The following is an excerpt from Practice Perspectives: Vault’s Guide to Legal Practice Areas.
Charles Torres, Partner, and Paul Navarro, Associate—Business
Recognized as a top attorney by The New York Enterprise Report, Charles Torres leads Perkins Coie’s east coast Emerging Companies & Venture Capital practice. He counsels emerging companies throughout all phases of growth, as well as the venture capital and angel investors that fund and acquire them. Charles helps startups achieve their goals by providing practical, stage-appropriate, business-oriented advice focused on a variety of general corporate and governance issues, including formation, board issues, equity and debt financings, and M&A exit events, to name a few areas. He was a founding partner of Women Innovate Mobile—a first-in-kind accelerator for female-founded companies—and serves on the steering committee of the firm’s LeadBetter program.
Paul Navarro provides practical business counseling to help emerging companies succeed in such areas as entity selection and formation, corporate governance, and company development. Paul advises and assists on early and late-stage venture/equity financings, mergers and acquisitions, and a variety of IP and other contract negotiations. His industry experience includes working with clients in the software and technology sectors, as well as the medical and entertainment industries. Paul also helps several venture funds in financings and new fund formations. For both startup and industry-leading companies, Paul has been the lead associate negotiating and drafting complex operating agreements, IP licenses, services/product purchase agreements, and joint venture agreements.
Describe your practice area and what it entails.
Charles: We represent technology companies and emerging brands that are changing the world around us—the way we create, consume, and connect. Our practice focuses on a vertical and entails everything from the formation of startups to the handling of mergers and acquisitions to corporate governance … and everything in between.
Paul: An emerging company attorney functions as general counsel to young companies that aren’t yet ready to hire in-house attorneys full time. In practice that means I’m a generalist or like a swiss army knife of the law, counseling startups on a myriad of issues they face as they try to grow from innovative ideas into market disruptors. But I also help venture capitalists create investment funds, as well as make investments in and conduct due diligence on potential portfolio companies.
What types of clients do you represent?
Charles: We represent technology companies and emerging brands that are generally venture-backed, as well as the venture capital funds, corporations, and family offices that invest in and acquire these companies.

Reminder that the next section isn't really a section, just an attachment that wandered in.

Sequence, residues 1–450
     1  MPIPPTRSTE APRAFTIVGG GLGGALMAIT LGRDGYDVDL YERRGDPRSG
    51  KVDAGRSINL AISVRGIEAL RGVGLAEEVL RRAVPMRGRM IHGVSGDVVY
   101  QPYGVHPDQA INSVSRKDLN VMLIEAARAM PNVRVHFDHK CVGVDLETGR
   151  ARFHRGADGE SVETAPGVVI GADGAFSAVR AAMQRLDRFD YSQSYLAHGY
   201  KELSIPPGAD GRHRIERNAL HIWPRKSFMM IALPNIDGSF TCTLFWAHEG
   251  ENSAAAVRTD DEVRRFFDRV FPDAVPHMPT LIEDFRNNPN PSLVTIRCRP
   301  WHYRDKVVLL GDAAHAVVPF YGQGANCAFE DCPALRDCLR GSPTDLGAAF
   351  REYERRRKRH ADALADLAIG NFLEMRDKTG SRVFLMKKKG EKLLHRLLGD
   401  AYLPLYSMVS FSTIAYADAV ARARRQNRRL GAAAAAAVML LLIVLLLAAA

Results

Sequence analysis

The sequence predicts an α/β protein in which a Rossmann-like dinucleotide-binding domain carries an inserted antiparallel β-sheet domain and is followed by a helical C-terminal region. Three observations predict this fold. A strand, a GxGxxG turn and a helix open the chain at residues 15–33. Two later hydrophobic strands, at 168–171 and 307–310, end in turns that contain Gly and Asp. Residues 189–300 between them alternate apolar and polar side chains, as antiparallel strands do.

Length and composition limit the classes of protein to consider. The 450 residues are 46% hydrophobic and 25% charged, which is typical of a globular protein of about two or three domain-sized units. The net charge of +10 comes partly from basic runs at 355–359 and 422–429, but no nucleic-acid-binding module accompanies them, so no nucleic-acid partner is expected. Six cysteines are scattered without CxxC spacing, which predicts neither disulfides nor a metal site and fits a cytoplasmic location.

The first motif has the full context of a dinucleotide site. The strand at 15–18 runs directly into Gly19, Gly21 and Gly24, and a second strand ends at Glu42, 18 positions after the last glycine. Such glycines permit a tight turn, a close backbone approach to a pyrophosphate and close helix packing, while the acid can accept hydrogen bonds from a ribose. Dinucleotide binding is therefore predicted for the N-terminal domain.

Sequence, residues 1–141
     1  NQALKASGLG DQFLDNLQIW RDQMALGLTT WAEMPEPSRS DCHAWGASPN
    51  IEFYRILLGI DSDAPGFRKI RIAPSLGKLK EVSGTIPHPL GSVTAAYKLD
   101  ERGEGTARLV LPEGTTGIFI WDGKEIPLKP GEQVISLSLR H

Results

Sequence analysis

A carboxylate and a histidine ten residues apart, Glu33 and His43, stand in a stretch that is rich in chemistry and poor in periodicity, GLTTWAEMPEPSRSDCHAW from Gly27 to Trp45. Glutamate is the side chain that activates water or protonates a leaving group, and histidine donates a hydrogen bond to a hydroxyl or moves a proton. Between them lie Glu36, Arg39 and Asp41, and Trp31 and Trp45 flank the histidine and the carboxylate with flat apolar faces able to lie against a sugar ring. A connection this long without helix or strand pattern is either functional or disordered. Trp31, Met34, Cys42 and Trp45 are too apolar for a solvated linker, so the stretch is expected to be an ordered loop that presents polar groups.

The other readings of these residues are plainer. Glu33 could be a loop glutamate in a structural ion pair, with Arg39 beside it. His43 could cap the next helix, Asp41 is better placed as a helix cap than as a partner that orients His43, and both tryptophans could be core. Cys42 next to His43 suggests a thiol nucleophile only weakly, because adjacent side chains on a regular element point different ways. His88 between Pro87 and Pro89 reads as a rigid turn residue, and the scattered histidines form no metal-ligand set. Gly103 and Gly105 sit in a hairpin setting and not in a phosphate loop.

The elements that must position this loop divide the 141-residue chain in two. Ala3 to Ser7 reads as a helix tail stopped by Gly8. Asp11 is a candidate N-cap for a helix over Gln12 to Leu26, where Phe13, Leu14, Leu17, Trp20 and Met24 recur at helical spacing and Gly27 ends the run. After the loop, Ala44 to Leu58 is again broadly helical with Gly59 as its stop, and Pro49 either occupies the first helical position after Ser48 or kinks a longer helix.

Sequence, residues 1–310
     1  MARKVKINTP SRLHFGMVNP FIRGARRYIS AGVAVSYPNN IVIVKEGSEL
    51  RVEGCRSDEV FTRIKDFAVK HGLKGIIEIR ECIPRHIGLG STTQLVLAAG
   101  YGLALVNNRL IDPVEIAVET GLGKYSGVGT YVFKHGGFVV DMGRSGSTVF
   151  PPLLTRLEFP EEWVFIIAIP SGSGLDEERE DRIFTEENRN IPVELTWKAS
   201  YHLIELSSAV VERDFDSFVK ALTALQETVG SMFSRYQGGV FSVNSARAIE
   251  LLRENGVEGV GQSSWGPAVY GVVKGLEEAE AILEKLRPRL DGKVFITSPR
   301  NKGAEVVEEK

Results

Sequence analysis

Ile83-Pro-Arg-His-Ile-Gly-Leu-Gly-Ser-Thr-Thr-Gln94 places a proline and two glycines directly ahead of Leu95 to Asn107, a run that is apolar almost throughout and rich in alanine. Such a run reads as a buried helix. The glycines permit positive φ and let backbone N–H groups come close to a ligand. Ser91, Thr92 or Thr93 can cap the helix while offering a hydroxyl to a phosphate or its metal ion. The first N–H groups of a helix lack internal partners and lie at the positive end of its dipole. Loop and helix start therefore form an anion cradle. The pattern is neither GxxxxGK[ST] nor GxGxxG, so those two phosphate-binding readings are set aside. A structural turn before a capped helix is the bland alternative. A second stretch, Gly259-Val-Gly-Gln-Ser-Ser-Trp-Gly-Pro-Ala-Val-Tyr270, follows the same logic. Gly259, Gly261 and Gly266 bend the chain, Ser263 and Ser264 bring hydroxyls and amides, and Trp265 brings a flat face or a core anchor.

Paul: I work with a wide variety of clients in the startup space, from first-time entrepreneurs with exciting, new ideas looking for advice about how to turn those ideas into a company, to seasoned founders that have ridden the rollercoaster of the startup lifecycle many times.
What types of cases/deals do you work on?
Charles: While I counsel clients on a variety of matters daily, I spend much of my time advising management or working on venture financings and mergers and acquisitions.
Paul: Most often, I work on various types of fundraising deals, which can take the form of simple agreements for future equity (a growing trend in Silicon Valley), traditional convertible notes, preferred stock financings, and secondary sales of stock. But in connection with such deals, a company sometimes also needs to reorganize as a new corporate entity, fundamentally rearrange its capitalization table, or create or amend the structures it was using to incentivize its employees. I help companies with each of these kinds of transactions as well.
How did you choose this practice area?
Charles: I started my career as a litigator and eventually realized that, for me, it was more rewarding to be convincing in a boardroom than in a court room. I saw the world moving quickly toward a focus on technology and fell in love with the variety of businesses upending existing models. The opportunity to strategically help an emerging company grow to its full potential—and see the founders succeed—is one that cannot be found in any other practice area. Working in this field allows me to apply both my technical legal expertise and my love for entrepreneurship.
Paul: I am a recovering litigator. The startup practice drew me in because it is one of the few practice areas in BigLaw where an entrepreneurial associate can bring in clients on a consistent basis very early in their career. As a litigator, I was seldom able to provide the type of advice that people in my network were looking for. As soon as I made the transition to the startup practice, I was almost immediately able to start providing useful information to many of my former college classmates who were transitioning to startups from business school, the consulting world, or a few years of engineering work at Fortune 500 companies. I felt like I was helping to build something exciting and useful. I had never felt quite the same way as a litigator.